But Grandfather told it like this: "And from that time God made a covenant with Jacob and relations between them became tolerable."
If you could tell it like Grandfather did it would be great fun in class, but it has to be done in an entirely different way, and David doesn't remember how. He has to look at the book before class. The Pentateuch: An Introduction for Children. It has drawings and captions underneath the drawings.
He rubbed his nose across the greasy pages, which were damp and yellow and smelled of mildew. Cain murders Abel. Aha ... Noah sails on the waters of the flood for forty days and forty nights. Abraham sacrifices his son, Isaac. Aha ... Jacob's tents and flocks. Oh ... The Jews flee the house of bondage in Egypt. The crossing of the Red Sea. Oh ... The Jews eat manna in the desert. A miracle, a miracle. The Jews dance around the Golden Calf. Joshua lays siege to Jericho! The trumpets shatter the walls.
He filled in the outlines with colored chalk, blue for the sky, green for the palm trees, yellow for the desert, white for the sheep, brown for the faces of the patriarchs. A patriarch supported his arm on a long, heavy stick that was taller than his head. It was a shepherd's crook. He was standing in front of a tall, soaring tent, with palm trees waving above it. The palm trees cast a shadow on the well where the flock was being watered. The past had the color of brown steppes, of the unblemished azure of the sky above the altar, the cold waters of the Jordan, the woolly flocks on the hills of Gilead, the white of the fluttering cloaks on the backs of the patriarchs of Ur, the green of the slender trees in the land of Canaan. The blood shed by Cain sliced through the past with a thin thread of crimson and seeped into the desert sand. It pulsed in the slit throats of sheep and flowed onto the sacrificial stone. It was woven into people's cloaks from generation to generation, woven into their light tents. A drop of that blood dripped into the spring.
He halted the nomads, those free sons of the desert, in the midst of their distant journey. The patriarchs had bare torsos that exuded manliness. They spread their arms wide to welcome the angels and the newcomers from a foreign land, and that gesture signified for him an open friendliness and nobility. They had high foreheads and held their necks stiffly, and for him that signified dignity and pride. They put their arms up against their temples and spied out their enemies; their eyes looked into the distance from under their sternly raised brows. They were strong, just, and free.
He colored their sunburned faces with blood, breathed life into them, and they were alive once again. With the tip of his tongue protruding earnestly between his teeth, he drew and filled in the colors of that world that did not exist, a world of nomadic shepherds that came to life before his eyes. How solitary and strong they were, herding their flocks along distant roads. How they raised their hands in fervent prayer. How they went in search of women who would give them sons. How they begat generations worthy of their Lord on the plush skins of lions and does from the mountains of Bethel.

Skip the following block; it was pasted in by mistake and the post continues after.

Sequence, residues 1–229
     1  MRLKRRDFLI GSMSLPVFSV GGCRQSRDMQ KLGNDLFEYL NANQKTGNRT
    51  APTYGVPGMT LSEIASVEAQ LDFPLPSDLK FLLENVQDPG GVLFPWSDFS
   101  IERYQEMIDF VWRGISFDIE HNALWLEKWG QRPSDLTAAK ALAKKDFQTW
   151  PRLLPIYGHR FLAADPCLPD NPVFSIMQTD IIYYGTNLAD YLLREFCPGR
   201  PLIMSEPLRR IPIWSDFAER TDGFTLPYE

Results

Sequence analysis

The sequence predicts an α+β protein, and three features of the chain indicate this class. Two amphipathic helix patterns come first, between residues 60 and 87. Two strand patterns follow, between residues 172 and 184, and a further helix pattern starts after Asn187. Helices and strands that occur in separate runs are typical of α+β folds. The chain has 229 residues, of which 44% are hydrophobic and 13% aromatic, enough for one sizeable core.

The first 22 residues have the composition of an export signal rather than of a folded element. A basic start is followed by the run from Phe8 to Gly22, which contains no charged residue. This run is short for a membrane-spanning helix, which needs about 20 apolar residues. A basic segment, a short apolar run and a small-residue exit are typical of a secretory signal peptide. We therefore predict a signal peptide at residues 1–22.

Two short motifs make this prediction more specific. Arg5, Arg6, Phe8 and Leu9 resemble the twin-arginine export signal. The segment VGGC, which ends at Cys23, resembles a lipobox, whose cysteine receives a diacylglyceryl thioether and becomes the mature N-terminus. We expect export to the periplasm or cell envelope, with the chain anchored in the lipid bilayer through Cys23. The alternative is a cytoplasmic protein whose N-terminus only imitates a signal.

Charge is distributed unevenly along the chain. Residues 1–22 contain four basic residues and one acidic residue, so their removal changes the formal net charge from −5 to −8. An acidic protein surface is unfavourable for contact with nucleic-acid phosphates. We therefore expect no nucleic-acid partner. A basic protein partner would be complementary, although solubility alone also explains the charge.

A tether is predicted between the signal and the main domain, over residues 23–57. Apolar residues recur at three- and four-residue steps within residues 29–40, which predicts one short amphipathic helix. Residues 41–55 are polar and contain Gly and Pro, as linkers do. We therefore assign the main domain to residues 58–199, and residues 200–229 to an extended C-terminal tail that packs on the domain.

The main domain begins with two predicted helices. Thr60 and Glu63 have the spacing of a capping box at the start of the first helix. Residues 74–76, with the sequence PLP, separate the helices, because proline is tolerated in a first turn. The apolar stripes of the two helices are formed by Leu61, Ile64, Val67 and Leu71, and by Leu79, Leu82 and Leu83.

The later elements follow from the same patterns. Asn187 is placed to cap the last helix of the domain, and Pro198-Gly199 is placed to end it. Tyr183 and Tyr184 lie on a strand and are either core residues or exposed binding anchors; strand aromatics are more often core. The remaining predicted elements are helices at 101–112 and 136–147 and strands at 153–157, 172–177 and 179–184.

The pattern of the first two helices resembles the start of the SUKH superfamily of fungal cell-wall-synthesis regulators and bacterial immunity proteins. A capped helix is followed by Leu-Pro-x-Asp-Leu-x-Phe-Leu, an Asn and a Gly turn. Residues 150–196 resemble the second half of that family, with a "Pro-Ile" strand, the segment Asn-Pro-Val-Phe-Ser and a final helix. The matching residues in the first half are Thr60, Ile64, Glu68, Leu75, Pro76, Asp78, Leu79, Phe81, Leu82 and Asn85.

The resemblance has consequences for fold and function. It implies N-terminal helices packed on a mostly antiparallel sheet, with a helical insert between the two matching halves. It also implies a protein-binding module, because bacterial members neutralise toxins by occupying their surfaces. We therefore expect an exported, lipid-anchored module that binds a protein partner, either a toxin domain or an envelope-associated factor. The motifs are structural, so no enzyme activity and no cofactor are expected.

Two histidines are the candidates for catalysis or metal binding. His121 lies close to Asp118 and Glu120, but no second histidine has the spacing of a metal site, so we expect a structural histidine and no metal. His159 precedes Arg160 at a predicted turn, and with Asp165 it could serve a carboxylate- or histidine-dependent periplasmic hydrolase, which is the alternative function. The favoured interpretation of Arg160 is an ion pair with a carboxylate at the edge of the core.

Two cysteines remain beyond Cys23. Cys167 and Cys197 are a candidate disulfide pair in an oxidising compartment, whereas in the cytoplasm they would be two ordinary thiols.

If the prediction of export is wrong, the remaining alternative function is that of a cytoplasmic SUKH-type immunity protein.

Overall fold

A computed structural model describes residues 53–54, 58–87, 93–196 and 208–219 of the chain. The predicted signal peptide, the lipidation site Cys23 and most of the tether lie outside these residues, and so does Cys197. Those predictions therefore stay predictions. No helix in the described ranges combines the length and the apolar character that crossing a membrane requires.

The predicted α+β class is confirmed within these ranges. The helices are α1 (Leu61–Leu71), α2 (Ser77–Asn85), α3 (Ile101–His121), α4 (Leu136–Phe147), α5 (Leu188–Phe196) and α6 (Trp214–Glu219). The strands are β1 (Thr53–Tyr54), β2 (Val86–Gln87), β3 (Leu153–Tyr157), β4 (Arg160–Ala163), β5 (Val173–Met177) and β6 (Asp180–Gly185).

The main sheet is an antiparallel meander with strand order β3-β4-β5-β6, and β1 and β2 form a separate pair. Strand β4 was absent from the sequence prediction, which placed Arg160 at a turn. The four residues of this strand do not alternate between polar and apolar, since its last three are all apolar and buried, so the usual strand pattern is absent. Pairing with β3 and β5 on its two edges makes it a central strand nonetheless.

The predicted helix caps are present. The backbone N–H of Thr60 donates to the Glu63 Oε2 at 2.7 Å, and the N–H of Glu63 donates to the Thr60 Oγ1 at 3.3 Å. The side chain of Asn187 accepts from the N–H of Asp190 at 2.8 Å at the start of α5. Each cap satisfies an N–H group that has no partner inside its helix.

In their language, in their ancient tongue, Father said his prayers and Aunt Chava conducted obscure conversations with Grandfather. It frightened David to think about how Aunt Chava drew the curtains, lit the candles in the silver candlesticks, and read the Bible, slowly moving her crooked yellow finger under the lines of the Book which has neither beginning nor end. And how she and Grandfather talked at length by the light of the candles about Haman, the cruel and majestic deputy of King Ahasuerus. In the blackness of her clothing, in the anxious blackness of her eyes, crumbling in her hand a flat, drily rustling pancake, she shouted words that made the flames of the candles flicker. And when those words issued from the lips of the king, Haman's face was instantly covered up. She had colorless, sparse, damp hair, which she concealed with a wig, and an obvious strip of hair--a moustache?-above her upper lip. Her speech was full of wild, snorting sounds that enveloped him in vague terror.
On Father's lips the ancient language sounded so melodious! And when he drew the words out there was something both kindhearted and authoritative in his voice. Grandfather's voice rose and fell in a soprano, and David could hear the voices of all the animals in it: the goat, the rooster, the horse, the sheep, and the lion. Haste and irritation summoned the impatient cry of the rooster. Laughter embellished his words with the melody of a sheep's bleating. But not even Father, with his bald spot covered with drops of sweat, nor Aunt Chava with her smudge of a moustache, traces of egg yolk, and tiny pancake crumbs above her upper lip, nor Grandfather with his beautiful beard, whose strands were combed into two wings as glistening and soft as the downy feathers of ducklings, merged in David's imagination with the image of those patriarchs whose faces he colored bronze, overpowered by the seductive force and truth of the legend. They were different, they were long ago and far away. They had generously condescended to lend their ancient language to Grandfather, Father, and Aunt Chava, so their brows might be illuminated with the light of distant suns.